Avoid conflict, get out of the office to reduce stress at work

April 14, 2011

Editor’s note: This is the second article in a series of two articles about reducing stress at work.


We’d all like to reduce our level of stress at work. But it’s easier said than done, right? We recently gave you a few tips for making strides toward doing that very thing, and today we’d like to present a few more.

Dale Carnegie dedicated a whole book to reducing stress and worry, and here are a handful of great reminders:


Avoid conflict. Interpersonal dynamics affect not only your emotional health, but your physical health as well. As great as it is to foster relationships in the workplace, it helps to avoid being too candid about your opinions on topics such as religion, politics or sociological issues. If you can, have a standing agreement with your coworkers to avoid these topics if you know discussing them will only cause undue tension. This way the workplace remains peaceful.

Get out of the office. Unfortunately, most office environments lend themselves to a sedentary lifestyle, which combined with poor diet and lack of exercise can profoundly affect workers both mentally and physically. We recommend getting out of the office during your lunch break to stretch your legs and get a mental break from your surroundings. Take a walk around the building or use gym facilities if they are available. Whatever you choose, just getting out of the office briefly will definitely help you center yourself.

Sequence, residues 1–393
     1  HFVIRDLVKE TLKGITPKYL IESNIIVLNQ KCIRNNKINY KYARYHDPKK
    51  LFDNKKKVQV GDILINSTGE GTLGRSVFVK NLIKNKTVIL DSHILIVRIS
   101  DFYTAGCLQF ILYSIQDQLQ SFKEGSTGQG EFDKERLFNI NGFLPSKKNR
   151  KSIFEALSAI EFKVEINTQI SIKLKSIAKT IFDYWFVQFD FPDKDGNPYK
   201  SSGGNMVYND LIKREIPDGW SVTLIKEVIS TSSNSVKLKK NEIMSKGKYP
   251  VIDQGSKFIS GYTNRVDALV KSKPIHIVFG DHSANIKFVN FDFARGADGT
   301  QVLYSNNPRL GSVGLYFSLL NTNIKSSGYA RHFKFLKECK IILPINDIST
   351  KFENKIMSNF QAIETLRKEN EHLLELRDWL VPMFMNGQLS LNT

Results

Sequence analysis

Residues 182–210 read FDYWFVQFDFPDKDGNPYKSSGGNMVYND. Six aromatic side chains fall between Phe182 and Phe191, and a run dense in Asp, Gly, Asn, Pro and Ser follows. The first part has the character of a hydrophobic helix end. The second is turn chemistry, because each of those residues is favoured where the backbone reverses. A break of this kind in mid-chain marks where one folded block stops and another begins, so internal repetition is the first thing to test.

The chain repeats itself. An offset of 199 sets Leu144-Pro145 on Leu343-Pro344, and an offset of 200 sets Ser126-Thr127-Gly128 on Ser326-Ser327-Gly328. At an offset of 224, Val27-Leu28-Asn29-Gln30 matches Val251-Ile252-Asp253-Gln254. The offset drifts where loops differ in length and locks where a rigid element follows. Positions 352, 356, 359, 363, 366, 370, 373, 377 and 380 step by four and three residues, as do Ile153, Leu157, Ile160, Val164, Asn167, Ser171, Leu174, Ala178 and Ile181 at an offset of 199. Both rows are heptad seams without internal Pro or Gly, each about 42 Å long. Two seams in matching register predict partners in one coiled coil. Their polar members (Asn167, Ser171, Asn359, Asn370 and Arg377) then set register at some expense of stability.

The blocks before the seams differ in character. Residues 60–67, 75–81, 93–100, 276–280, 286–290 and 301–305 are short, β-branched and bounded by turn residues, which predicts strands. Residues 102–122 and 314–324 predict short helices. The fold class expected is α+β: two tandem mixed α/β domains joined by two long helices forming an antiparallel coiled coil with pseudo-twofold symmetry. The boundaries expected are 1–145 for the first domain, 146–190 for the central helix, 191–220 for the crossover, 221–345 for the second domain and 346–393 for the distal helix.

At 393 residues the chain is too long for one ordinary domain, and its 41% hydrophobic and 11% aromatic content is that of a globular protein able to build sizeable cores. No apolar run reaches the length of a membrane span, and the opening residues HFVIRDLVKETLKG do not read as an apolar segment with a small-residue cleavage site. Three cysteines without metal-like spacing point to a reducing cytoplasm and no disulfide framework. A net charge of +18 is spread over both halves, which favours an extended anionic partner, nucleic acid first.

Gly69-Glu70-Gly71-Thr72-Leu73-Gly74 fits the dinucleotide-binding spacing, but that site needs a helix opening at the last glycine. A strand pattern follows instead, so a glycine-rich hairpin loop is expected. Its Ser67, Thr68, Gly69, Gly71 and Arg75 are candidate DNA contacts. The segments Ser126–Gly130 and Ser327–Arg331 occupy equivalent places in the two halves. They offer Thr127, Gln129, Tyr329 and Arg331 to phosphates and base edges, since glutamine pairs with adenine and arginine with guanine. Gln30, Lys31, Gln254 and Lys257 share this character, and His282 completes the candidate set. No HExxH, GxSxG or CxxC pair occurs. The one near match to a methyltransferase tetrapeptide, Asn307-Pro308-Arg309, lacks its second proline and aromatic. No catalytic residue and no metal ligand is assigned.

Manage trying to be perfect. Striving for perfection is admirable, but obsessing over perfection will only cause more harm than good. Perfectionists tend to spend so much time fussing over little things that it winds up costing valuable time, or may cause them to drop the ball altogether. As mentioned in Tip #3, mistakes are unavoidable. The more you obsess over avoiding mistakes, the more your stress level will skyrocket, causing you to overlook something and stress out even more.

Stay focused and organized. Multitasking enjoyed a brief moment in the spotlight, but is now regarded as more ineffective than efficient. Doing an adequate job on several things at once doesn’t trump doing a great job on one or two things. Furthermore, splitting your attention means piling more on your plate, and the higher that pile grows the higher your stress raises.

This post is brought to you by the good folks at Dale Carnegie Training of Central & Southern New Jersey, providers of professional development and management development courses and information in New Jersey. We would love to connect with you on Facebook and Twitter @CarnegieJersey.

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